Middle man

CHAMPAIGN, Ill. -- The best-of-2009 and best-of-the-decade lists had been published long before Wednesday evening's tipoff between Illinois and Northwestern.

People tend to try to get those out in the early-to-mid days of December.

That's a shame. The Illini's 89-83 overtime win over the Wildcats was a classic and could be included on anyone's list.

From the start, it felt as though it was going to be that kind of night.

Northwestern flew out of the gate nailing everything from deep. The Wildcats connected on 3-pointers on four of their first five possessions and went up 12-4 before Illinois' fans could even get comfortable in their seats.

"They were on fire at the beginning," said Illinois junior Bill Cole, a backup who would provide late heroics by sinking a free throw to put Illinois up by four with 23 seconds left. "Every guy was hitting 3s. Every guy was tough to guard."

No player was more difficult to guard than Illinois center Mike Tisdale, though. After Northwestern took its early lead, Illinois answered right back with what would be its constant answer all night -- Tisdale's interior play.

It did take Illinois a minute to get it to him. On Illinois' first possession, it tossed the ball around the perimeter while Illini coach Bruce Weber and assistant coach Jay Price stood and yelled from across the floor to throw the ball inside to Tisdale. The possession ended with an air ball. When Illinois' players returned to their end of the court, Weber and Price got their message across, and Tisdale became the main target the rest of the night.

Answering the critics who have called him soft, the 7-foot-1 Tisdale pounded Northwestern's smaller players with an array of inside moves and scored a career-high 31 points.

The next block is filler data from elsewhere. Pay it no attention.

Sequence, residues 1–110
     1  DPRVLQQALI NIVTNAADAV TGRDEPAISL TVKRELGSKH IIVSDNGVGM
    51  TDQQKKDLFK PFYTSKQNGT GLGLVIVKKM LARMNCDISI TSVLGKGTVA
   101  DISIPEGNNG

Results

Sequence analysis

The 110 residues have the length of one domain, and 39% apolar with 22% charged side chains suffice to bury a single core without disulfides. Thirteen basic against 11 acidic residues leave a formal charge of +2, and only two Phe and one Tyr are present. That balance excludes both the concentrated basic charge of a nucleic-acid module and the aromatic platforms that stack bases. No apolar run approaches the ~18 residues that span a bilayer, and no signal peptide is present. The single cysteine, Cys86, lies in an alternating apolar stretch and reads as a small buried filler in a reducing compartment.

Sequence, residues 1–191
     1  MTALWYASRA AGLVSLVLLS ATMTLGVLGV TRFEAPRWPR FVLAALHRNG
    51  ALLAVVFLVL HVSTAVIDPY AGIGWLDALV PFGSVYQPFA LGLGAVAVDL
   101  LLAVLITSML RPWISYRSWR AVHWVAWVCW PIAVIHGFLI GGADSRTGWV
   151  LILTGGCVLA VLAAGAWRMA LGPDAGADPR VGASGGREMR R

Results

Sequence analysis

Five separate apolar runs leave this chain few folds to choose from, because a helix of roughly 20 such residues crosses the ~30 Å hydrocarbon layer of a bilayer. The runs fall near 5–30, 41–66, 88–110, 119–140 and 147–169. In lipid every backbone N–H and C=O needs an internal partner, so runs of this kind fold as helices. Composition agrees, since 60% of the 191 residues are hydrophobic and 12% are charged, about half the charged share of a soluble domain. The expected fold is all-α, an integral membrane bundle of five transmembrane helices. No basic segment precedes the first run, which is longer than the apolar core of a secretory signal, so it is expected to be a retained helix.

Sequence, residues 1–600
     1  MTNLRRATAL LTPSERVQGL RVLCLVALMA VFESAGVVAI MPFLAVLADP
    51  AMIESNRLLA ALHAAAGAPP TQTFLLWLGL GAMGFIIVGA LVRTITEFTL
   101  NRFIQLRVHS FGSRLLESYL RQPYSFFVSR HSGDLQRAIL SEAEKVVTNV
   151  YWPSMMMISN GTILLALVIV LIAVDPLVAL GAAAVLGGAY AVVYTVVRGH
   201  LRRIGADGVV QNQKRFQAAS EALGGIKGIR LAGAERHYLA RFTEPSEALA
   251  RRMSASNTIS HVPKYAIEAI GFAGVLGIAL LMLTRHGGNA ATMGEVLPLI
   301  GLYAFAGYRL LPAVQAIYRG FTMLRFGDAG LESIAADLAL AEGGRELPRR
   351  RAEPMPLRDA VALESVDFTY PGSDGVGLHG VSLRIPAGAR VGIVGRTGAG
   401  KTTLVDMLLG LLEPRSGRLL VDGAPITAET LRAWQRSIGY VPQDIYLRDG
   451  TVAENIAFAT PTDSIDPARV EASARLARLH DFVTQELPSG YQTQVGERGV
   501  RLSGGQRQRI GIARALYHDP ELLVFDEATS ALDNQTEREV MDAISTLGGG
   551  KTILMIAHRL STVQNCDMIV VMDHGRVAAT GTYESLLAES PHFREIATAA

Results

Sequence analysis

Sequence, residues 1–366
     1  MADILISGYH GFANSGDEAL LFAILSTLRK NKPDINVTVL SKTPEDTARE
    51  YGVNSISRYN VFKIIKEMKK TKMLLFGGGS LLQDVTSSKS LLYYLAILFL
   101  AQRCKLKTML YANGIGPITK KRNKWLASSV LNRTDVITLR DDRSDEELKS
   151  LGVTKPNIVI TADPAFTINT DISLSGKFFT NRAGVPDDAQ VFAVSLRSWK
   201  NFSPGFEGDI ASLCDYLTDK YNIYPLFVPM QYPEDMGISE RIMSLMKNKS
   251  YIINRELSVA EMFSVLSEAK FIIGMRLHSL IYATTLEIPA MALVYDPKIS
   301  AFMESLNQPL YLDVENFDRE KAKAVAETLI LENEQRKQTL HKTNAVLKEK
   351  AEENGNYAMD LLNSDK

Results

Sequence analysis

"If 31's soft, I guess there's not much you can do about it," Tisdale joked. "We're just going to keep playing our game. I'm not going to worry about people calling me soft or Mike Davis soft.

"I love it to be honest. Whenever I get a challenge, it's fun to shut people down. Hopefully, it will continue."

The crowd of 16,618 let Tisdale know how much it appreciated him when he picked up his fifth foul with 2:27 remaining in overtime. The crowd stood and applauded as he walked to the bench.

As for Davis, Illinois' other "soft" forward, he did his own silencing. He also used his size advantage against Northwestern and dropped in 20 points and grabbed 17 rebounds.

But while the Illini did all their damage inside, Northwestern kept putting up 3 after 3 after 3. Jeremy Nash connected on a career-high five 3-pointers. John Shurna hit four of them as he finished with 27 points. Freshman Alex Marcotullio came off the bench and made four 3s. The Wildcats ended up making 16 altogether, an Assembly Hall record for an opponent.

The 3-pointers were nice and all, but Northwestern coach Bill Carmody was most surprised by the 84 shots his team took and its three turnovers.

"I haven't been a part of a game, and I think I've been coaching for a bunch of years, to have a team take 84 shots with only three turnovers," Carmody said. "That's pretty amazing."

Amazing for Weber was that the Illini didn't crumble when they faced adversity on Wednesday. In their previous two games, they fell apart when Georgia and Missouri challenged them. Against Northwestern, they rallied when down at the start. They then found a way to come back when the Wildcats went ahead 47-37 in the second half. And they didn't put their heads down after blowing a late lead and allowing Northwestern to force overtime.

"We could have quit," Weber said. "There's no doubt. The one thing we have been is we are a good team when things are going good, and we haven't been the best team when things are going bad. When things went bad tonight, we didn't quit. We battled, and we had some guys step up and make some plays."

Northwestern wasn't taking any moral victories home with it, either. The Wildcats may be without star forward Kevin Coble for the season, and they may still have their doubters, but they do truthfully believe that they can make a run in the Big Ten and earn that elusive NCAA tournament bid.

"Everyone's disappointed," Wildcats guard Michael Thompson said. "We don't feel good about this at all. We felt this is a game we should have won."

Scott Powers covers high school and college sports for ESPNChicago.com and can be reached at spowers@espnchicago.com.